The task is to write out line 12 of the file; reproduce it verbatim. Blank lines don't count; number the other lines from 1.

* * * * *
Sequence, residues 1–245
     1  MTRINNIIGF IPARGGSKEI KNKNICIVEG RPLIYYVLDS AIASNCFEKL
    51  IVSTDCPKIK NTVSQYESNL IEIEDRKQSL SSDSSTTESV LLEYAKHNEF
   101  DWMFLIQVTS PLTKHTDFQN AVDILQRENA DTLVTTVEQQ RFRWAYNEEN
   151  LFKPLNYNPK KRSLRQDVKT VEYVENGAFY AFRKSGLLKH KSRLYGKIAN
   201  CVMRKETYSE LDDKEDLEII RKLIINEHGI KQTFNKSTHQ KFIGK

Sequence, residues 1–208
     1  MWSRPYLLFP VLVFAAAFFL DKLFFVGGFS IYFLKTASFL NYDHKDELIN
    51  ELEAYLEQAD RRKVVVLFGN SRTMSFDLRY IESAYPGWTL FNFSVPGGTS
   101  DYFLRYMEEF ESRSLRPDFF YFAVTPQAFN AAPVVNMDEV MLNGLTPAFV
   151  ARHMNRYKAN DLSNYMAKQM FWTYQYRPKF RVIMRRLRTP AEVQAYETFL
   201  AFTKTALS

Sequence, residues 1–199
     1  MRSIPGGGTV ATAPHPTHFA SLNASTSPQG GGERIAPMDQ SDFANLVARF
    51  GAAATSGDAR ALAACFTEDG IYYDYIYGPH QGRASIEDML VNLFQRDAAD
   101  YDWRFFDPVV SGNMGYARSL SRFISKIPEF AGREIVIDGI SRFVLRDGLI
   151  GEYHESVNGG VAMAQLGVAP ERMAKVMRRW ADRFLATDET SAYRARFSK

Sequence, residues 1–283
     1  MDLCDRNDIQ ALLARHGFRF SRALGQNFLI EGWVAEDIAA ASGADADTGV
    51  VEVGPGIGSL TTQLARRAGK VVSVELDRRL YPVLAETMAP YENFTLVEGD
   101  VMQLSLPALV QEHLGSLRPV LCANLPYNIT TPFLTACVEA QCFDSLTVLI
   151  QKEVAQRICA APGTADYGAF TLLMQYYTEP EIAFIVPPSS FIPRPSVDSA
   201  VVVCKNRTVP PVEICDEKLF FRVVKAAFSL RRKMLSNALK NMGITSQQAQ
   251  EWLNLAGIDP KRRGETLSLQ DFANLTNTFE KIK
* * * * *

   201  AFTKTALS